Alfred Anderson, joiner and wartime soldier: born Dundee 25 June 1896; married 1917 Susanna Iddeson (died 1979; two sons and two daughters, and one daughter deceased); died Newtyle, Angus 21 November 2005.
Alfred Anderson, who has died at the age of 109, was the last member of the British Expeditionary Force - the Old Contemptibles - and the sole remaining survivor of the "Christmas truce" of 1914.
Alfred Anderson was lucky to be born in Dundee, as his two elder brothers were born in Chicago where his father had gone to work as a joiner. Alfred had vivid memories of his childhood in the days of gas lamps and coal fires. He remembered two soldiers returning from the Boer War in 1902, one of whom picked him up and carried him on his shoulder. That year, his family moved to Newtyle in Angus, where his father bought his own joinery and undertaking business.
At the age of 10, Alfred was delivering milk before school and by 12 had saved enough to buy a bicycle so that he was able to increase his pocket money from the round by carrying milk churns on his handlebars. From the age of 12 until 14, he went by train to the Harris Academy in Dundee, where he enjoyed reading, writing and drawing; at one time he thought he would become an architect. After school he would visit friends at a local farm and this is where he developed an interest in animals, especially horses.
When he left school he began an apprenticeship as a joiner with his father's firm and in 1912 with his friends joined the Territorial Army in the 5th Battalion the Black Watch. For him and his friends it became a way of life - two evenings a week drilling, weekend training with the Lee Enfield rifle and, most pleasing of all, a whole week's camp in Montrose and Crieff. When war was declared his battalion, after two months training, arrived in Le Havre in October 1914 on a cattle boat. As Alfred Anderson recalled,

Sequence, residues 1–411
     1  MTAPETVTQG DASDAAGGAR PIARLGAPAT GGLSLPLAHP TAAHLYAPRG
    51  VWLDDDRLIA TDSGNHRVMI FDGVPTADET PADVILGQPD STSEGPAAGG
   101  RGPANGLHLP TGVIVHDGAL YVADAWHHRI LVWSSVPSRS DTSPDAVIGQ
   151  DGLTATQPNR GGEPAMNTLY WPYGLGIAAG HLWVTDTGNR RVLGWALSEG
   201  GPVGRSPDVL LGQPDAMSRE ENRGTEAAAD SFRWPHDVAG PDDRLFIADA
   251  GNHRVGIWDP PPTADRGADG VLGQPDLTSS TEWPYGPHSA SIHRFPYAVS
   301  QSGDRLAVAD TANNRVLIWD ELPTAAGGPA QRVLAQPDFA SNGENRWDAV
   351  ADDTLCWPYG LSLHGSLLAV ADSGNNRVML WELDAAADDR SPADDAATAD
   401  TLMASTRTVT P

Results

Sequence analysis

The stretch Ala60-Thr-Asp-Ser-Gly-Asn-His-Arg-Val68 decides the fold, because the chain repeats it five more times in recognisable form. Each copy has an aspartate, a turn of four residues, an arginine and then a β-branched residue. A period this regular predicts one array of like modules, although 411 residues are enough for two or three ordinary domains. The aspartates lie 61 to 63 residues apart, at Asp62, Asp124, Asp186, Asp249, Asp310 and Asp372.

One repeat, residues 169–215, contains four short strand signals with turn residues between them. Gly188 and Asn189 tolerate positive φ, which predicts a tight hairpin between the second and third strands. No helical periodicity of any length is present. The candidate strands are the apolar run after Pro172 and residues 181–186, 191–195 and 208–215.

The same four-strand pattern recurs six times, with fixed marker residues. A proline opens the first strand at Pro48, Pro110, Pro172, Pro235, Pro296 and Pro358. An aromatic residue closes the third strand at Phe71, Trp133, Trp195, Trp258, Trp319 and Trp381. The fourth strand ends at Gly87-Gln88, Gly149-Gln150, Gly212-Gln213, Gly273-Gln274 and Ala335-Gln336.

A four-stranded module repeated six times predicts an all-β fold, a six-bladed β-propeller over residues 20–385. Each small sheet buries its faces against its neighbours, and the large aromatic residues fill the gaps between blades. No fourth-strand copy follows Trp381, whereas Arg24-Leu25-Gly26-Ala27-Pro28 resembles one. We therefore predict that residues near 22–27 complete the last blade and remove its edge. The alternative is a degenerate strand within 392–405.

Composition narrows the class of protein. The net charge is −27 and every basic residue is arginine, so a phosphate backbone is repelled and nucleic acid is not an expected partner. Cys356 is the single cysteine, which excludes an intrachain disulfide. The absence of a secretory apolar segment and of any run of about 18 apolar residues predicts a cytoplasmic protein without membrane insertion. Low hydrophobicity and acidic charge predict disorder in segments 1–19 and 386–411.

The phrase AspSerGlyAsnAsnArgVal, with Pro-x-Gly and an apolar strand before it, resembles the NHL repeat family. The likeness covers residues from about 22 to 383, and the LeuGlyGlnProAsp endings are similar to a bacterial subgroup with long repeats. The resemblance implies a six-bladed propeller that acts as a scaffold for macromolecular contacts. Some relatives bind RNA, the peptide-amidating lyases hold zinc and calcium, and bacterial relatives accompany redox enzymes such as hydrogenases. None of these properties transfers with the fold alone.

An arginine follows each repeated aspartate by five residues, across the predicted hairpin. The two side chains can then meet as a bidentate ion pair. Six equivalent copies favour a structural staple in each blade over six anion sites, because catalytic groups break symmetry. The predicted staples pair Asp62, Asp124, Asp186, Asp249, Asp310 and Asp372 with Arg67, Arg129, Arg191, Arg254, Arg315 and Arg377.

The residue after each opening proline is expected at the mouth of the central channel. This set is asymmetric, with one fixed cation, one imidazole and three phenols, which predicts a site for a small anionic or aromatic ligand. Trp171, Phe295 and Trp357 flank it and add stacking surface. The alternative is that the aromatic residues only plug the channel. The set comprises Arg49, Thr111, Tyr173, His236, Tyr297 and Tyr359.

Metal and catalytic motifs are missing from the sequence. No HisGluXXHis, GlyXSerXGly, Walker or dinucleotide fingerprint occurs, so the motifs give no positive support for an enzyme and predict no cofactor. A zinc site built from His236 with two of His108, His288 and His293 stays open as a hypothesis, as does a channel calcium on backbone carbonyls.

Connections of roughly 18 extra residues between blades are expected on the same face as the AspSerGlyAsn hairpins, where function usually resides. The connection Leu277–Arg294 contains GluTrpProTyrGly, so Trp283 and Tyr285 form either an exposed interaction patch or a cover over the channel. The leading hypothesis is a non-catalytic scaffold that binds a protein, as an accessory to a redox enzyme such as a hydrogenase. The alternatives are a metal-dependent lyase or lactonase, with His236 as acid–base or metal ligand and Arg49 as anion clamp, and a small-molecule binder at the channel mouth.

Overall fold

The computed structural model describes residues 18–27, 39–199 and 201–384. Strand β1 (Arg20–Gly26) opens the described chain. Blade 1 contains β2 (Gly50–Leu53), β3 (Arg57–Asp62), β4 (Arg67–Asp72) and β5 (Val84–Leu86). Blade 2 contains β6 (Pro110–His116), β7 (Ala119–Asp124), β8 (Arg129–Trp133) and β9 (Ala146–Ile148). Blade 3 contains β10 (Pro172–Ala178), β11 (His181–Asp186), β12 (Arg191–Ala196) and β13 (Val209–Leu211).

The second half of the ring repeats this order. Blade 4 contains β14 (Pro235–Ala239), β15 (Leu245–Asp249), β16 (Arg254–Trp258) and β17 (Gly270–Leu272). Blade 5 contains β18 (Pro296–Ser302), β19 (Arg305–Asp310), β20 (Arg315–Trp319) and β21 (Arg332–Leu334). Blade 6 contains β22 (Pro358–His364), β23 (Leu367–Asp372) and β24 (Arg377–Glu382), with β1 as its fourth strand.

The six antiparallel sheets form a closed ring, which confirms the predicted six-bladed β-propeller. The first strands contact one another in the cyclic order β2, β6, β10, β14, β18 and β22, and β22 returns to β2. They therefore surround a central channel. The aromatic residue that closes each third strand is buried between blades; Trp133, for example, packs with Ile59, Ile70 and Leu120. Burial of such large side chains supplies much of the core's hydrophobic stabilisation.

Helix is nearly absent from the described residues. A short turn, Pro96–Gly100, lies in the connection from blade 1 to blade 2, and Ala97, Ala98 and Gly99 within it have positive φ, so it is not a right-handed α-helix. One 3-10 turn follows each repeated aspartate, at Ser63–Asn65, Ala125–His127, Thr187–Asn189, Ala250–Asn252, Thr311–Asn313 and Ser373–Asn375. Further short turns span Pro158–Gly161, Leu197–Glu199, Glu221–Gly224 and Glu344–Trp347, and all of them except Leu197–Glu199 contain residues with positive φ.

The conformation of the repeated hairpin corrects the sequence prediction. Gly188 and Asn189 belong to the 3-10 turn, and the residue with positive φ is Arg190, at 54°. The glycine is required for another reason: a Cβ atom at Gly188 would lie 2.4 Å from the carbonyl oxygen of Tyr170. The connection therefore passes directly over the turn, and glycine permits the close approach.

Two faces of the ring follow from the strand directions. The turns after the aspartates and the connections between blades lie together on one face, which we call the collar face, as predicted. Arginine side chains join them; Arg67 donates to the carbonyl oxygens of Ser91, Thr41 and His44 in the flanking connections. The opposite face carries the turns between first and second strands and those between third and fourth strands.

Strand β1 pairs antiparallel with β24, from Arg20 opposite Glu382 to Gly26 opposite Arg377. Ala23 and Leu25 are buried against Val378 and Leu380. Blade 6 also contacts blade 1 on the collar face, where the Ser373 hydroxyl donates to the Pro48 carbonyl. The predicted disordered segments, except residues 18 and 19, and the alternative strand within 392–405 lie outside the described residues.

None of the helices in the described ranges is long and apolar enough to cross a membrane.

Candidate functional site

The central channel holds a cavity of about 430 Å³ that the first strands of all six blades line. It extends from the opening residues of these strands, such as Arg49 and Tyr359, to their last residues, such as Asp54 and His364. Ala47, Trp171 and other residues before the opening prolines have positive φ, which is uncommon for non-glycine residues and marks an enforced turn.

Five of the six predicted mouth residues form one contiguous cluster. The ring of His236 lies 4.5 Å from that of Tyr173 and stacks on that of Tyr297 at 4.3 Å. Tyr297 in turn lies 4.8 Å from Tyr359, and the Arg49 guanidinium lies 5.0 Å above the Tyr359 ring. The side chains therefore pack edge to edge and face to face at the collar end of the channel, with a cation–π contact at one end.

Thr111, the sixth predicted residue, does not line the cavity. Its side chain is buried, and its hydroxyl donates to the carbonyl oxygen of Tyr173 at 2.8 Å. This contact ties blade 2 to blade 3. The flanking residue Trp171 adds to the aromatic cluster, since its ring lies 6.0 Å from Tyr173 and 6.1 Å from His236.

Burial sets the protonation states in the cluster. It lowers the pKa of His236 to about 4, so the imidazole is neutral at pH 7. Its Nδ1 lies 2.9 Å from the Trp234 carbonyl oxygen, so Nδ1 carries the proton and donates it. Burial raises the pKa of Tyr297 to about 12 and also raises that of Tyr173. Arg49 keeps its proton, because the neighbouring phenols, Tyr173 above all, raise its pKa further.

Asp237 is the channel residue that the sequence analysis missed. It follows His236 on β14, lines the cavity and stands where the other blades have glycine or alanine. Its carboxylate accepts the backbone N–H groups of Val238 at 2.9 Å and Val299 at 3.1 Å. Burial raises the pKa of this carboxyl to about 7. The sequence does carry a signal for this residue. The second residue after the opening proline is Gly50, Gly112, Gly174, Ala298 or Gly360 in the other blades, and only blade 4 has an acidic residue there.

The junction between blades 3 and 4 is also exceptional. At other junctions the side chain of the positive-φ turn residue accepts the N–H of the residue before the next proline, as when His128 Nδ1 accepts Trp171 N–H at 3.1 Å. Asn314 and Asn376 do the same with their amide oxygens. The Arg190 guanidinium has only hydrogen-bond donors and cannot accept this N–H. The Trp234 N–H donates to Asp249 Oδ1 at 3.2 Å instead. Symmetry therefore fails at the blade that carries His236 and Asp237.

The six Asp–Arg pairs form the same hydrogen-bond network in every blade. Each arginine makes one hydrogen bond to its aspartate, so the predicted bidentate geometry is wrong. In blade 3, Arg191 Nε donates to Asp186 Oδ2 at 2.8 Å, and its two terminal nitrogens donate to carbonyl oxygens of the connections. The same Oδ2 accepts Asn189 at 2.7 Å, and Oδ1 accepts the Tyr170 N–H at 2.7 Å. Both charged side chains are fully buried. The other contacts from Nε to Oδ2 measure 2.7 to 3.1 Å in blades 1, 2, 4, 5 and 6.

We spent a night in a tented camp, which was bitterly cold. We couldn't wash in the morning
because the water had frozen in the pipes. We were glad when they marched us up to the front. It took three days but it warmed us up a bit!
Anderson was soon into action and saw his friends being killed and wounded around him. This was a shock for him; his work in his father's undertakers had somewhat cushioned him to the sight of death, but not to the loss of friends.
When Christmas came, he was in a reserve trench some way from the front:
I remember the eerie silence that Christmas Day. All the explosions stopped. We were billeted in a farmhouse at the time and we went outside and stood there, listening - and remembering our friends who were gone and our people back home. We'd spent two months with the cracking of bullets and machine-gun fire, and sometimes distant German voices - but now it was quiet all round. In the dead silence we shouted out "Merry Christmas" - although none of us felt at all merry.
We were so tired, we didn't have the energy to play football - and we were quite away from the front lines, so we didn't do any mixing with the Germans that was so famous. The silence came to an end in the afternoon when the guns started again. The killing began again too. It was a very short-lived peace. Now, at Christmas, I think of that day in 1914 and I remember all my friends who didn't make it.